Find out about some of the interactive activities that kept the class learning and engaged at the Business Case Competition Training workshops organised by the NUS KM Club.
The NUS Knowledge Management Club kicked off the second season of BCCT workshop series with a session on presentation skills by Ms. Justine Joss of Jay Jay Communications. This series is divided into six sessions each concentrating on a different dimension of grooming the participants to handle case competitions. Participation is the essence of these sessions; these aren’t those boring sessions that you go to and come out just listening to the speaker. Ms. Justine gave tips on voice modulation, breathing exercises, tone, pace, to dos and don’ts before a presentation, how to engage your audience, body language, and eye contact.
Yeo Siew Mui, President of the NUS MBA Social Impact Club, reports on the club’s learning from five visits to different organizations in the Philippines with a clear social vision.
With support from the NUS Centre for Social Entrepreneurship and Philanthrophy, six of us from the NUS MBA and two of the MBA exchange students planned a visit to the Philippines from 4th May – 9th May 2010. During the trip, we visited five organisations in Manila and explored social issues in Philippines. We saw how different actors – Unilever, United Laboratories, Gawad Kalinga, World Bank and Asian Development Bank worked individually but yet are collectively striving towards eradicating poverty in Philippines.
The trip opened our eyes on Corporate Social Responsibilities (CSR) activities and how companies formulate their CSR plans. One of the key takeaways we had was how collaborative the companies were. Unilever shared with us on how they are working with other companies to collect back plastic sachets and used packaging from consumers regardless of which company the product packaging was from. We also learnt about an NGO which was formed by companies to coordinate and work together on CSR Projects in Philippines.
Author of “Asian Brand Strategy” Martin Roll gave a presentation on Branding in Asia at NUS Business School on 5 April 2010.
On Monday (05 April), the NUS MBA Marketing Club welcomed Martin Roll, a business and brand strategist, for a presentation about “Business & Brand Leadership” in the beautiful new Mochtar Riady Building. Martin (INSEAD MBA alumnus) is a thought-leader on value creation through brand equity and the author of the book Asian Brand Strategy which was named one of the “Best Business Books 2006” by Strategy+Business magazine.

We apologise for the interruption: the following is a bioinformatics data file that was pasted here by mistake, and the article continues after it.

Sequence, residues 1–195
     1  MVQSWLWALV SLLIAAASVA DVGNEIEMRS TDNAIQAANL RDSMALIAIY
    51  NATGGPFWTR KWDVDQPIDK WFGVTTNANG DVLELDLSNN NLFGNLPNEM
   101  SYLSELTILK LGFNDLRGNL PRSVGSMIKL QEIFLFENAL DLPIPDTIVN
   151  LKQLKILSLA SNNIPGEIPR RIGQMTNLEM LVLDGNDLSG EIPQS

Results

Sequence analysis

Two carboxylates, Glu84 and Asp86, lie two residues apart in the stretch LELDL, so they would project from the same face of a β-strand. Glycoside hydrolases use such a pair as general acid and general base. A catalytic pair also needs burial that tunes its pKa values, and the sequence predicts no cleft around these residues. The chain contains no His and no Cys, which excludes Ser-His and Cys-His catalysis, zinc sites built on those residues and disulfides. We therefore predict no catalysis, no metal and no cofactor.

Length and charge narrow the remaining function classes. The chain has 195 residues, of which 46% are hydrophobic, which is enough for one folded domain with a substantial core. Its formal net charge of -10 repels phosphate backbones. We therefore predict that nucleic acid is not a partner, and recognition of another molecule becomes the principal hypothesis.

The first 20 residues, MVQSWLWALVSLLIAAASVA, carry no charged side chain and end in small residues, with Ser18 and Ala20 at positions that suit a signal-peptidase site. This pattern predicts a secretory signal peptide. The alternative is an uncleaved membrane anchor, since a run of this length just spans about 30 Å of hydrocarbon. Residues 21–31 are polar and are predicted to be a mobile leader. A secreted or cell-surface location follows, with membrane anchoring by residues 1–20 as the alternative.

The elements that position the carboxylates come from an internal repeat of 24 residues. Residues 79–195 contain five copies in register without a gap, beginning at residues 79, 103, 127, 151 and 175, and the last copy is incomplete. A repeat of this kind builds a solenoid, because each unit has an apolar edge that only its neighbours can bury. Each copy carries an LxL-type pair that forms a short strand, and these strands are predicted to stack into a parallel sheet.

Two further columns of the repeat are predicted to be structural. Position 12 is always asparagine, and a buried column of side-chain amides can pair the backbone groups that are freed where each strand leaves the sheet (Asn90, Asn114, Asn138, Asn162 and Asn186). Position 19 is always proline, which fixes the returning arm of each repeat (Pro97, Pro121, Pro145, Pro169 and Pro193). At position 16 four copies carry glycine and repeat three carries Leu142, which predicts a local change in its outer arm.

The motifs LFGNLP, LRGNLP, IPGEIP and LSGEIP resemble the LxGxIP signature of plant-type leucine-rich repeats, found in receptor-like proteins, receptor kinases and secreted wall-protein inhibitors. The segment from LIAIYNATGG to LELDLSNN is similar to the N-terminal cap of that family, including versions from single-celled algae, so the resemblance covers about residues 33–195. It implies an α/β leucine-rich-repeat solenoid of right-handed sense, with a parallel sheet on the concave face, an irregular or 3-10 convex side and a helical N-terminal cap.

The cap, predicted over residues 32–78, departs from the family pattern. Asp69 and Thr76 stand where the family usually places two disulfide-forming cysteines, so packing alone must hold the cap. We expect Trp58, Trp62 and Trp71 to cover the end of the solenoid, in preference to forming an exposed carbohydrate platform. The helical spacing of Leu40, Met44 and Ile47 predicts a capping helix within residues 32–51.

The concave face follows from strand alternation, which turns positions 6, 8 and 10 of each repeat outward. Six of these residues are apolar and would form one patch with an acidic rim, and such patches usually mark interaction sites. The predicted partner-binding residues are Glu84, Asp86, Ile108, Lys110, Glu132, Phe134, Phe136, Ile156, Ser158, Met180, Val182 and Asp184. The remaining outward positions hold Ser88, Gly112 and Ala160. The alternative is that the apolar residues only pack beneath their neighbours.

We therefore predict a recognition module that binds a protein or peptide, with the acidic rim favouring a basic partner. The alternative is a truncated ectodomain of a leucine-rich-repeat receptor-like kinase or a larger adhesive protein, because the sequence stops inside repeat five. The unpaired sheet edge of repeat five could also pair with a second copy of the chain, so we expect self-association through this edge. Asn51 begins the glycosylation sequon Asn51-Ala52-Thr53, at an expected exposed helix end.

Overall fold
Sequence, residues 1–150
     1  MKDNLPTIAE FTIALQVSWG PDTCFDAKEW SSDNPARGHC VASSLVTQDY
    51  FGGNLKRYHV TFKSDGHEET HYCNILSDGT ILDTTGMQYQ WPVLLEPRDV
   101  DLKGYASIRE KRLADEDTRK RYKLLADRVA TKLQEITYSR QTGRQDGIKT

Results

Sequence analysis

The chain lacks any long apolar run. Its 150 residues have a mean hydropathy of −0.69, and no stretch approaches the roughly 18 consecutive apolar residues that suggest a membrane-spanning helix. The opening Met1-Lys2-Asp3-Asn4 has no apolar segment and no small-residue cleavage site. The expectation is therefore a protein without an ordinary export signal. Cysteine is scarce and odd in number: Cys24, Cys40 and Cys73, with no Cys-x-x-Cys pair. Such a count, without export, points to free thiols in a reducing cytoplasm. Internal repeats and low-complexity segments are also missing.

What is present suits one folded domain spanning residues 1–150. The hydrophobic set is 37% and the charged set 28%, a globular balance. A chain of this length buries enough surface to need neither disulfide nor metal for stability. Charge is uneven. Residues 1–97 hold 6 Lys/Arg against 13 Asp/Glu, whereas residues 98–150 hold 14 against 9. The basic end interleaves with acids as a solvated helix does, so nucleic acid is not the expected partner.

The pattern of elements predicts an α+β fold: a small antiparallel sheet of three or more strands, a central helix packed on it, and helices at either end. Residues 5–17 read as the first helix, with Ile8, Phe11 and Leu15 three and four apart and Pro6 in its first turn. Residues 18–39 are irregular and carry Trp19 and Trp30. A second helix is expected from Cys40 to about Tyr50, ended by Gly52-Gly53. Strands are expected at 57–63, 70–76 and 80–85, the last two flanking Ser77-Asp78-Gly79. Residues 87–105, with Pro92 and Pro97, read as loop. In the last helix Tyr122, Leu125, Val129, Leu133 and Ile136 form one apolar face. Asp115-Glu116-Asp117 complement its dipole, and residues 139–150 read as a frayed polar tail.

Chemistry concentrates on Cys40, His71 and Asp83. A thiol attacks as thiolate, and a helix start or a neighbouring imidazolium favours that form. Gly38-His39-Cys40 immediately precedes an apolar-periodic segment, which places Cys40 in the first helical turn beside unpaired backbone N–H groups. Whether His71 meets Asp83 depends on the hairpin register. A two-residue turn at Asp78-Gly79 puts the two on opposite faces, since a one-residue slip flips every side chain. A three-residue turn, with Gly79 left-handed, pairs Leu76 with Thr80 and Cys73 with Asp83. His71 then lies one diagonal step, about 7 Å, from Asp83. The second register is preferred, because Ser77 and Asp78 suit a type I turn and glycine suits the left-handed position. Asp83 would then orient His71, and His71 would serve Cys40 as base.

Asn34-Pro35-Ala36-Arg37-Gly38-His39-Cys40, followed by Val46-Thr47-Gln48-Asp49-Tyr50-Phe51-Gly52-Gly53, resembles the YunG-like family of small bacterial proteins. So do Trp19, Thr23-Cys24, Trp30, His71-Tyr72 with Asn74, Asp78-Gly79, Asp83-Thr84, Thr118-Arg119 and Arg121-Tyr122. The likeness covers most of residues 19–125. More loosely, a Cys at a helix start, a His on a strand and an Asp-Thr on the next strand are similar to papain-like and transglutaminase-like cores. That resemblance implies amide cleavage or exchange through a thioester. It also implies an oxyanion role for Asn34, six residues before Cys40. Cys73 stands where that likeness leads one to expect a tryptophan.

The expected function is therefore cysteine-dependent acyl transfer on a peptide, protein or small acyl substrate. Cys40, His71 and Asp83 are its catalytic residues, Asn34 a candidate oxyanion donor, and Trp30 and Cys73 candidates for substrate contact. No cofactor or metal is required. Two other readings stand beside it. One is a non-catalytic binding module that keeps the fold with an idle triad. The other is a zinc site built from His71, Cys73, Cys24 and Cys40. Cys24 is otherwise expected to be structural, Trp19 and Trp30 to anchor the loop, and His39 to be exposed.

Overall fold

In an inspiring and interactive session, Martin started his talk by asking the participants to name leading Asian brands. After several minutes of discussion, the 45-strong group of full-time MBA students, faculty members and guests from the corporate world agreed that there are only a few leading global Asian brands – if we exclude Japanese brands as well as some brands from South Korea such as Samsung and LG.
Lee Pak Kiong from the Consulting Club talks about their flagship event of the year, Consultant Unplugged 2010.
“This is going to be a busy day.” I was talking to Caleb from the MBA office after picking up some things from him. It was the afternoon of 17th March 2010, the day the MBA consulting club’s flagship event was held. Consultant Unplugged, as the event is called, is the Consulting Club’s main event this year and there have been active preparations for it in the past few months. Indeed, today will be the busy day where all these preparations will turn to fruition.
The NUS MBA Knowledge Management club hosted Udhay Mathialagan, Founder and CEO of Insight Infrastructure, Singapore to come talk to the MBA cohort. Mr. Mathialagan has extensive experience in the telecom infrastructure industry and shared his experiences as an entrepreneur and a CEO.
Mr Mathialagan talked about how he started the company and their initial plans for growth.The company constructed many telecom towers in the North-Eastern region of India which is considered a difficult region to do business in primarily because of the lack of infrastructure and adverse socio-political conditions. After successful operation for a couple of years, the company has now been sold off.